But that’s the crux of it. SpinupWP’s entire pitch is this: manage your own server without the stress of having to fully manage your own server. This is from the bottom of their website. It’s their marketing’s main thrust:
… but it I can’t get support for a three-day period for something that is, at core, a SpinupWP feature, then that’s not a way to reduce my stress level.
My point about SpinupWP
So here’s my point. SpinupWP needs support to be available 24/7, at a minimal level, to be a viable alternative the other big players in cloud hosting.
NOTE: SpinupWP did reach out and tell me about their managed support options. But they clock in at hundreds of dollars per month, and I don’t need support for customizations. I just need support when something goes majorly wrong on the stock SpinupWP platform, and I need to know that I’m going to get an answer on a ticket in six hours or so.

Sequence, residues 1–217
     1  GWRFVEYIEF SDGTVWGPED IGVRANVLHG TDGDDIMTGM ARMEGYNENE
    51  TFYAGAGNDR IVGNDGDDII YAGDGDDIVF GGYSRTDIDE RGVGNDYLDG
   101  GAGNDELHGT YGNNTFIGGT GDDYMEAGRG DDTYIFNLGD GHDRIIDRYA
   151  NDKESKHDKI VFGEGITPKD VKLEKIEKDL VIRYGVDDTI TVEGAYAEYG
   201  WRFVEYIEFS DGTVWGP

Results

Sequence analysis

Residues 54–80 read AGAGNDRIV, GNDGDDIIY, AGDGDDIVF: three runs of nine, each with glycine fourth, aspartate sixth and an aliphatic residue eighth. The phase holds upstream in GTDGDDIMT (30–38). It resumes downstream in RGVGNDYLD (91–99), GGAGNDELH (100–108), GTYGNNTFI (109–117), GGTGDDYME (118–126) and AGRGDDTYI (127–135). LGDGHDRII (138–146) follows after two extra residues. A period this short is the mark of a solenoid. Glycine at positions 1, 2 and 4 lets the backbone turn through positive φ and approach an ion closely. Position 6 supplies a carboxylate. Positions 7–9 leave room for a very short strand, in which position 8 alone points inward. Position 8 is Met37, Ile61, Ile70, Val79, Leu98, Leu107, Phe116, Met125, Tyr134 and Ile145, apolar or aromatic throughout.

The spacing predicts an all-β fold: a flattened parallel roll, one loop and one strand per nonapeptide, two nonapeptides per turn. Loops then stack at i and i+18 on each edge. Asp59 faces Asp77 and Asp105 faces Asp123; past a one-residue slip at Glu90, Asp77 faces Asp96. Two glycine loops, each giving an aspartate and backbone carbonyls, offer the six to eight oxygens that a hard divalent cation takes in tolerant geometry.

(I moved all of these sites onto CloudWays, which seems to be largely an equivalent product which has at least basic 24/7 chat support; it was the first thing I tested when spinning up copies of all of these sites). CloudWays doesn’t feel quite as fast, though I’m on identically-configured DigitalOcean droplets. I don’t like Cloudways’ caching solution as much, and is in all other ways virtually identical to SpinupWP (the other differences are that CloudWays does give me a database panel, which is nice, but their SSL implementation isn’t as good as they don’t handle the redirection automatically, and they don’t have a one-click solution for setting up basic authentication).
So if you work for SpinupWP and you’re reading this – I’m perhaps representative of at least a chunk of your ideal market. I host hundreds of sites, and I’m predisposed to want you to succeed. This is why your hosting didn’t succeed for me.
Best of luck, and I’ll be watching. I’m still a very gettable customer in the long run, even if I’m tired of moving sites back and forth for the moment.